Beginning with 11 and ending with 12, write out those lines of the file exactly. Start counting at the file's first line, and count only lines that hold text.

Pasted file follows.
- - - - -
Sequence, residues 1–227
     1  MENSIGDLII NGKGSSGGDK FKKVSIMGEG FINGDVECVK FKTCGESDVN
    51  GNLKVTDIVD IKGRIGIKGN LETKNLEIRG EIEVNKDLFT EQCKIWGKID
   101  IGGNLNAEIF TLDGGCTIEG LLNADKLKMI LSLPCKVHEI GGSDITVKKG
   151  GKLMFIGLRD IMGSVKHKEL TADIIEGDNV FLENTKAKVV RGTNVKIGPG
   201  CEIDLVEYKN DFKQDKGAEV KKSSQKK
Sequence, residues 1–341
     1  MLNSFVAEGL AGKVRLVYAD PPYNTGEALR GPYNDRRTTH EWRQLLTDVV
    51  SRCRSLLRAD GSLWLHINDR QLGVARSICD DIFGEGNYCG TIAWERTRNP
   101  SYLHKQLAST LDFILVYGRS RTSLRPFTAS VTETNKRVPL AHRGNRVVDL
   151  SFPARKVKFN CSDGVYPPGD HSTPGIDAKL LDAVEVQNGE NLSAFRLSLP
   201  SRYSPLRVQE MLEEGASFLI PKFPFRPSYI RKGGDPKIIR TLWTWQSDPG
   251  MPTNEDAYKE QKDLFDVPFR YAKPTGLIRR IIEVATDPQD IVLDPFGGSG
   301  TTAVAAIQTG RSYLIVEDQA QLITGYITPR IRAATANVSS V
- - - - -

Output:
   151  SFPARKVKFN CSDGVYPPGD HSTPGIDAKL LDAVEVQNGE NLSAFRLSLP
   201  SRYSPLRVQE MLEEGASFLI PKFPFRPSYI RKGGDPKIIR TLWTWQSDPG